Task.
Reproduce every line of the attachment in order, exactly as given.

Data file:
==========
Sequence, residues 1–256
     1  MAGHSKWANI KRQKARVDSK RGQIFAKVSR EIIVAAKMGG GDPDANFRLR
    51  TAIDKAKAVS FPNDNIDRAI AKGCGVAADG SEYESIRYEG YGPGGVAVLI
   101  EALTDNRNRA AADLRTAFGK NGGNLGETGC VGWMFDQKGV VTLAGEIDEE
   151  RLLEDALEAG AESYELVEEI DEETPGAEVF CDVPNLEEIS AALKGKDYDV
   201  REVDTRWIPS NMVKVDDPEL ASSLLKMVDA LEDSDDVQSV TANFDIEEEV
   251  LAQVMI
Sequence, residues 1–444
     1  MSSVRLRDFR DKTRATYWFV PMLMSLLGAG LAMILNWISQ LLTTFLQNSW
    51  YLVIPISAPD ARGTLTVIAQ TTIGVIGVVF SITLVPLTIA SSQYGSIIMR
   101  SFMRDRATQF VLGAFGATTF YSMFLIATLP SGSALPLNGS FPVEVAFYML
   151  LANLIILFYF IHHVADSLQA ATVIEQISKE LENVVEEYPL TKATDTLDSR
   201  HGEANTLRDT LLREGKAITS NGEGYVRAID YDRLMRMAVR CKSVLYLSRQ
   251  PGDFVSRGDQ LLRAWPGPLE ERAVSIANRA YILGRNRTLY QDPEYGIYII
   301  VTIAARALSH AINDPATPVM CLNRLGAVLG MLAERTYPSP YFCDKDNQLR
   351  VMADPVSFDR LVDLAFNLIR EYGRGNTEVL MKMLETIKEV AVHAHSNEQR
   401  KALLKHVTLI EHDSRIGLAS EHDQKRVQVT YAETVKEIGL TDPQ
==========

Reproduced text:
Sequence, residues 1–256
     1  MAGHSKWANI KRQKARVDSK RGQIFAKVSR EIIVAAKMGG GDPDANFRLR
    51  TAIDKAKAVS FPNDNIDRAI AKGCGVAADG SEYESIRYEG YGPGGVAVLI
   101  EALTDNRNRA AADLRTAFGK NGGNLGETGC VGWMFDQKGV VTLAGEIDEE
   151  RLLEDALEAG AESYELVEEI DEETPGAEVF CDVPNLEEIS AALKGKDYDV
   201  REVDTRWIPS NMVKVDDPEL ASSLLKMVDA LEDSDDVQSV TANFDIEEEV
   251  LAQVMI
Sequence, residues 1–444
     1  MSSVRLRDFR DKTRATYWFV PMLMSLLGAG LAMILNWISQ LLTTFLQNSW
    51  YLVIPISAPD ARGTLTVIAQ TTIGVIGVVF SITLVPLTIA SSQYGSIIMR
   101  SFMRDRATQF VLGAFGATTF YSMFLIATLP SGSALPLNGS FPVEVAFYML
   151  LANLIILFYF IHHVADSLQA ATVIEQISKE LENVVEEYPL TKATDTLDSR
   201  HGEANTLRDT LLREGKAITS NGEGYVRAID YDRLMRMAVR CKSVLYLSRQ
   251  PGDFVSRGDQ LLRAWPGPLE ERAVSIANRA YILGRNRTLY QDPEYGIYII
   301  VTIAARALSH AINDPATPVM CLNRLGAVLG MLAERTYPSP YFCDKDNQLR
   351  VMADPVSFDR LVDLAFNLIR EYGRGNTEVL MKMLETIKEV AVHAHSNEQR
   401  KALLKHVTLI EHDSRIGLAS EHDQKRVQVT YAETVKEIGL TDPQ